Aquaculture 4.0 with Smalle Technologies

Smalle Technologies plan to contribute to the sustainability effort to ensure the security of food supplies, energy and natural resources, as part of their Aquaculture 4.0 strategy.

Smalle Technologies wants to contribute to the global food, energy and natural resources sustainability through innovation in Blue Growth sectors such as aquaculture or offshore clean energy – they are part of the Blue Economy, aligned with the Aquaculture 4.0 strategy.

The aquaculture industry is revolutionising in order to meet the enormous demand for seafood in Europe. Historically, demand has outweighed production and therefore leads to a hefty dependence on external markets. With the emergence of “Industry 4.0”, European aquaculture is applying innovative and disruptive technologies in order to transform fishery management strategies.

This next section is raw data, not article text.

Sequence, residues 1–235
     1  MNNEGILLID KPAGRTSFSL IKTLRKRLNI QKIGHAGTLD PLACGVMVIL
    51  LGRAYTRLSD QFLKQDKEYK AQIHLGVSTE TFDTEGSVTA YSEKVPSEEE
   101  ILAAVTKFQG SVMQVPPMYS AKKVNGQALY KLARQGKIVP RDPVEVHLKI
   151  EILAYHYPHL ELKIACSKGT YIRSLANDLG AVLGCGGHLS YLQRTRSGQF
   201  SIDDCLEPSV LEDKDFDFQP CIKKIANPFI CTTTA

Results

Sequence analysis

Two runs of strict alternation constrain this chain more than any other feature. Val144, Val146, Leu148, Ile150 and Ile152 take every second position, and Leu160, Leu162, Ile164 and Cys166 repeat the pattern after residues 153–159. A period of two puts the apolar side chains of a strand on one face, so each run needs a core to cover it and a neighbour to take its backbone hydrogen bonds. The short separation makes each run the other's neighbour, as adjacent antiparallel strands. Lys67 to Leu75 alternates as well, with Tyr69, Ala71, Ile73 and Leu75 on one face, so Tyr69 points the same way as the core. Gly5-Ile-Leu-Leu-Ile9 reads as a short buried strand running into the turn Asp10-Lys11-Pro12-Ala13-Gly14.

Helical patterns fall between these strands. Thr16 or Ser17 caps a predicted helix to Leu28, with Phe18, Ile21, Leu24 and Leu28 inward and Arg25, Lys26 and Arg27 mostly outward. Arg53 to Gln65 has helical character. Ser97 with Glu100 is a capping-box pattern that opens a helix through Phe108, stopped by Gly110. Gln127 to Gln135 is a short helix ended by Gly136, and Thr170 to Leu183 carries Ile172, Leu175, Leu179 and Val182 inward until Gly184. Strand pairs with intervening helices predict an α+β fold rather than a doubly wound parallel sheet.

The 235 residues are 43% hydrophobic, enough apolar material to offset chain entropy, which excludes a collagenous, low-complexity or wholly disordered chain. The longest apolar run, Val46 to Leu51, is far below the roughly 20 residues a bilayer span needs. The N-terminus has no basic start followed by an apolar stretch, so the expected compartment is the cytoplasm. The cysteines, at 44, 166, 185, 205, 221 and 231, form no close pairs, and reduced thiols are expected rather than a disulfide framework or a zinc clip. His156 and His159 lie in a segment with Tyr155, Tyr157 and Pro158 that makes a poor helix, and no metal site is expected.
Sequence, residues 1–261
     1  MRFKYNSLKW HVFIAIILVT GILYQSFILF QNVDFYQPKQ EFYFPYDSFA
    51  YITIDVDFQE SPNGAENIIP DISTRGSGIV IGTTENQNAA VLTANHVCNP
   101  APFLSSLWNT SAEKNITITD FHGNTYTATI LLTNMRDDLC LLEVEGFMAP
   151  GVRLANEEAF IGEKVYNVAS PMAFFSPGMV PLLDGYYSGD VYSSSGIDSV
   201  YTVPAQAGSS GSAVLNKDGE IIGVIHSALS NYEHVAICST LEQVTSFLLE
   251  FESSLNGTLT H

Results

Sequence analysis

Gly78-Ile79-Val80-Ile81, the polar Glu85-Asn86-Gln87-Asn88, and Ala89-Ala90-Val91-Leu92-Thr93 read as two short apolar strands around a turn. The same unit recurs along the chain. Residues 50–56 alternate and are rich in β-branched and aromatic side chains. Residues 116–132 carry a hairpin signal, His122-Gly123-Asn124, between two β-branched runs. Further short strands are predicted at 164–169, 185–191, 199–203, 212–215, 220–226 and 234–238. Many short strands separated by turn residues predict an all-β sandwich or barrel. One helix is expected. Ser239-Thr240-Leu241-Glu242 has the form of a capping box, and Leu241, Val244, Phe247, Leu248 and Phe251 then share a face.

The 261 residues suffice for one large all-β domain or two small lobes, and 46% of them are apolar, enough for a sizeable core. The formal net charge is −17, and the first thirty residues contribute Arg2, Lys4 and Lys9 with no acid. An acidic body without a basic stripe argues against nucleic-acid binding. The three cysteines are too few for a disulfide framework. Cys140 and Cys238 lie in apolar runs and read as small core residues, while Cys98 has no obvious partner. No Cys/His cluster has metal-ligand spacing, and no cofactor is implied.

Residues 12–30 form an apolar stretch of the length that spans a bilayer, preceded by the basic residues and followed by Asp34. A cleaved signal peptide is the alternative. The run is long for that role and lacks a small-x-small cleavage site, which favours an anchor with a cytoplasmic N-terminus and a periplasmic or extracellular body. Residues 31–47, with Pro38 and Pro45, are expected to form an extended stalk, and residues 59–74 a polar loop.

“Industry 4.0” is a term given to the current trend of data exchange and automation in manufacturing technologies. According to Epicor, Industry 4.0 takes the emphasis on digital technology from recent decades to a whole new level with the help of interconnectivity through the Internet of Things (IoT), access to real-time data, and the introduction of cyber-physical systems. Cyber-physical systems have the ability to make decentralised decisions, track material processes and create a virtual copy of the physical world. Over IoT, cyber-physical systems communicate and co-operate with each other and with humans in real-time. These systems are located in decentralised plants known as “Smart Factories” which have the capability to run autonomously with the intelligence to self-correct. Industry 4.0 is still in its infancy but has incredible growth potential in the European manufacturing sector. The so-called “4th industrial revolution” is projected to allow a 15-20% increase in the sector by the year 2030. In addition to the growth the revolution can provide, the benefits of Industry 4.0 include improved productivity, efficiency and reduced costs. Companies will be able to produce more, in less time, while allocating resources more effectively.